There is some question as to whether this contract should not be held invalid, as being contrary to public policy, under the rule laid down in Charleston Gas Co. v. Kanawha Gas Co., 58 W. Va. 26, 50 S. E. 878, wherein the court says: “The supplying of illuminating gas is a business of a public nature, to meet a public necessity. It is not a business like that of an ordinary corporation, engaged in the manufacture of articles that may be furnished by individual effort. Hence, while it is justly urged that those public rules which say that a given contract is against public policy should not be arbitrarily extended so as to interfere with the freedom of contract, yet in the instance of business of such a character that is presumably can not be restrained to any extent whatever, without prejudice to the public interest, courts decline to enforce or sustain contracts imposing such restraints, however partial, because in contravention of public policy.” To the same effect, and supporting the doctrine, are People ex rel Peabody v. Gas Trust Company, 130 Ill. 268; Gibbs v. Baltimore Gas Company, 130 U. S. 396; Chicago Gas Light & Coke Company v. Peoples’ Gas Light & Coke Company, 121 Ill. 530; Greenwood on Public Policy, p. 2.

Counsel for appellee insists that the principle laid down in the above cases has no application to the. contract now before the court; that so long as the contract to refrain from doing business is not in violation of a public duty or of a previous contract, there is no distinction *92on account of the character of the business refrained from. Counsel for appellants concurs in this view, and, by reason of this situation, we shall give no further consideration to this question, and are not to be understood as expressing any opinion thereon.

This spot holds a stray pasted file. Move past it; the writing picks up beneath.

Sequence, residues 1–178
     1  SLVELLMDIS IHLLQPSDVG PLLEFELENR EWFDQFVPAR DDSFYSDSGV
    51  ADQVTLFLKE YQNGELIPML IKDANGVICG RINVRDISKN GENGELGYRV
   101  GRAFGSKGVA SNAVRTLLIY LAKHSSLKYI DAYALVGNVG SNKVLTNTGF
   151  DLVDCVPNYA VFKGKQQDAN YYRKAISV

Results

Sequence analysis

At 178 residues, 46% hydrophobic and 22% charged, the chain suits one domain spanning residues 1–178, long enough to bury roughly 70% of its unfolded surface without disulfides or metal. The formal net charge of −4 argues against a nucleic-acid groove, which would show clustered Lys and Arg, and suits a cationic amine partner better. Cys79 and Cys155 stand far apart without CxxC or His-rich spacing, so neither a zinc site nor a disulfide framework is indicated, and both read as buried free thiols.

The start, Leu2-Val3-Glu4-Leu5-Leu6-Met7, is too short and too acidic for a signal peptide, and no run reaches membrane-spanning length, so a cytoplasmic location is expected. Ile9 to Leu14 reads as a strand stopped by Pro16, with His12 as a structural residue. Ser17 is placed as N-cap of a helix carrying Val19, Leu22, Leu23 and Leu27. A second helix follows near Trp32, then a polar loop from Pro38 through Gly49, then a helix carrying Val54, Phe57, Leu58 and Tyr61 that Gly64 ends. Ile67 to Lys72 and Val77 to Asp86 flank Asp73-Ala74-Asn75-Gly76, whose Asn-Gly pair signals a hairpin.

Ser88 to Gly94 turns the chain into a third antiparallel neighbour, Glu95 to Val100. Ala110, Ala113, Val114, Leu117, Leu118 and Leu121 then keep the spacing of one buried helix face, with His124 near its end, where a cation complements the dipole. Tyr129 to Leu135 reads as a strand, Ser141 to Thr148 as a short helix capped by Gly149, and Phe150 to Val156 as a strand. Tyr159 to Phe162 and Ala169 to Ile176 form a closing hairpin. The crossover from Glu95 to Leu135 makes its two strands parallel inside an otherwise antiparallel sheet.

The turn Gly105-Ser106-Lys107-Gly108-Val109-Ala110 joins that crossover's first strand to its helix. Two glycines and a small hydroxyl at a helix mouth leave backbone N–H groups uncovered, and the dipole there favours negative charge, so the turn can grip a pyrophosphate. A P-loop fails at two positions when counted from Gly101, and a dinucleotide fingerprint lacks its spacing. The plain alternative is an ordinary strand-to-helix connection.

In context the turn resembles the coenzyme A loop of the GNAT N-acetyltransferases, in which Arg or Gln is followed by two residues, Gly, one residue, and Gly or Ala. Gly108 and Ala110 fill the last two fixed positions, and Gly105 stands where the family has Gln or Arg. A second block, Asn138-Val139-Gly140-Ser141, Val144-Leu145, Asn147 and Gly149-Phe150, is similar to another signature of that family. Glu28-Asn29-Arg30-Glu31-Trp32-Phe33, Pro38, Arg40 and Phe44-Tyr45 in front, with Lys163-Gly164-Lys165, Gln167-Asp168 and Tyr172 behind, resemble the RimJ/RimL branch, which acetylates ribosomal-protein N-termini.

*93 1 *92Appellants urge the invalidity of the contract under Section 3 of the Act of Congress of July 2, 1890.. The section is as follows: “Every contract, combination in form of trust or otherwise, or conspiracy, in restraint of trade or commerce in any territory of the United States or of the District of Columbia, or in restraint of trade or commerce between any such territory or another, or between any such territory or territories and any state or states or the District of Columbia, or with foreign nations, oí- between the District- of Columbia and any state or states or foreign nations, is hereby declared illegal.” 26 Stat. at Large 209; U. S. Comp. Stat. 3201; 7 Fed. Stat. Ann. 344, and the cases of U. S. v. Trans-Missouri Association, 166 U. S. 327; U. S. v. Joint Traffic Association, 171 U. S. 558; and Northern Securities Co. v. U. S.; 193 U. S. 331, are cited as supporting this proposition. It is true, that in the case of U. S. v. Trans-Missouri Association, the court used language that might support the contention that all contracts come under the Act of Congress of July 2, 1890. This, however, is not the proper construction of the case, as is shown by the following quotation from the opinion delivered by Mr. Justice Peck-ham, in the case of U. S. v. Joint Traffic Association, 171 U. S. 558: “We are not aware that it has ever been claimed that a lease or purchase by a farmer, manufacturer, or merchant of an additional farm, manufactory, or shop, or the withdrawal from business of any farmer or merchant, restrains commerce or trade, within any legal definition of that term; and the sale of good will of a business, with an accompanying agreement not to engage in a similar business, was instanced in the Trans-Missouri case as a contract not within the meaning of the act, and it was said that such a contract was collateral to the main contract of sale, and was entered into for the purpose of enhancing the price at which the vendor sells his busi*93ness x x x x To suppose, as is assumed by counsel,, that tbe effect of tbe decision in tbe Trans-Missouri case is to render illegal most business contracts, however indispenable and necessary they may be, because, as they assert, they will, restrain trade in some remote and indirect degree is to make a violent assumption and one not called for or justified by tire decision mentioned, or by any other decision of this court.” It is very evident from the above quotation that such a contract as the one now under consideration does not come within the inhibition of the Act of July 2nd, 1890,, and a careful reading of the opinion in the Northern Securities case, supra, discloses that the court held that the act only “embraces all direct restraint” imposed by any combination, etc. We do not believe there was any intention upon the part of Congress-to include, within the prohibition of the act, a con-tract which is the mere accompaniment of the sale of property, and entered into for the purpose of enhance ing the price at which the vendor sells it, and which is. collateral to such sale, and where the main purpose of the contract is the sale of the property. See Thomas v. Gavin, decided by this court, and reported in 15 N. M. 660. Contracts which'only incidentally or indirectly restrict competition, while their main object and purpose are to increase the trade and business of those who make them; are not in restraint of trade. Whitwell v. Continental Tobacco Co., 125 Fed. 455; Phillips v. Portland Cement Co., 125 Fed. 594; Hopkins v. U. S., 171 U. S. 578.